“On day one there will be a hiring freeze, there will be a spending freeze and we’ll have to take a look at the current year’s budget and make adjustments to try to reduce the deficit in the year going forward,” Last said.
Moody’s downgraded West Haven’s general obligation rating to Baa3 from Baa2, and assigned a Baa3 rating to the city’s expected $15.5 million in general obligation bonds to finance the deficit, as well as to $9.6 million in general obligation bonds for other projects. At the same time, it revised West Haven’s outlook from stable to negative.
According to Moody’s, “The downgrade to Baa3 reflects an increase in the city’s General Fund deficit since the time of our last review. Although deficit financing bonds will cure the majority of the deficit as of fiscal year end 2016, the city incurred an additional deficit in 2017 and remains challenged to effectively match recurring revenues with recurring expenditures.
“The rating also reflects negative positions in funds outside the General Fund,” Moody’s wrote. “The rating further incorporates the city’s sizeable tax base that will benefit from a significant pipeline of local development, wealth and income indicators that average relative to national averages but below average for the state and an above average debt burden with future planned issuance.”
The negative outlook “reflects the belief that the city will remain challenged to balance operations in the near term despite its expected qualification for additional state oversight from the recently established Municipal Accountability Review Board,” Moody’s wrote.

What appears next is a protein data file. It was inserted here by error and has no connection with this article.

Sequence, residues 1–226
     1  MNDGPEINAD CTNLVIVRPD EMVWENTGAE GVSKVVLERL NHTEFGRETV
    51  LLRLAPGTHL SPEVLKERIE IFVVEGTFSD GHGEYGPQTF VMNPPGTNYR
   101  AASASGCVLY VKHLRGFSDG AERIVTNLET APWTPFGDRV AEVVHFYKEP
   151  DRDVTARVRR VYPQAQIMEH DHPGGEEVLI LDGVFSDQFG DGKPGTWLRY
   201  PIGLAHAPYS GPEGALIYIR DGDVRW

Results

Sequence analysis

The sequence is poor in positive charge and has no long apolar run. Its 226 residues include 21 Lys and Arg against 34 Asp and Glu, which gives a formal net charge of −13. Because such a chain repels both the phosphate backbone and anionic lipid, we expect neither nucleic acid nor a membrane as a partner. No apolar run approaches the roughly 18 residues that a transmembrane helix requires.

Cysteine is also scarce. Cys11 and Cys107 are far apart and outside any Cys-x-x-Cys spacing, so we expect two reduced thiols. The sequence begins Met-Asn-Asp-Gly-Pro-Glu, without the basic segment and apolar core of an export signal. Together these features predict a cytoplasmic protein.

S&P Global Ratings, meanwhile, affirmed its BBB rating on West Haven’s bonds “and removed the rating from Credit-Watch with negative implications, where it was placed on Sept. 28, 2017. At the same time, we assigned our ‘BBB’ rating to the city’s series 2017A and 2017B GO bonds. The outlook on all ratings is stable.”
“Our rating action reflects the recent state budget enactment and its impact on our view of the city’s budgetary performance, coupled with the city’s continued efforts to improve structural alignment of revenues and expenditures,” S&P wrote.
“We also anticipate that as a result of deficit financing through the issuance of the series 2017A bonds, the city’s reserve position will improve to near-zero levels at the end of fiscal 2018,” S&P wrote. “While this would be a substantial improvement from the negative deficit position of greater than 5 percent of expenditures for the past seven years, we note available reserves will remain at levels we consider very weak.
“Despite our expectation that reserves will improve, we believe the city has not yet shown the ability to achieve and maintain structural balance in order to support reserve growth and that the implementation of certain initiatives supporting structural alignment remain uncertain,” S&P said. “We believe revenue and expenditure adjustments are unlikely to support a return to structural balance prior to fiscal 2019 and potentially could be later if projected property value growth is not achieved.”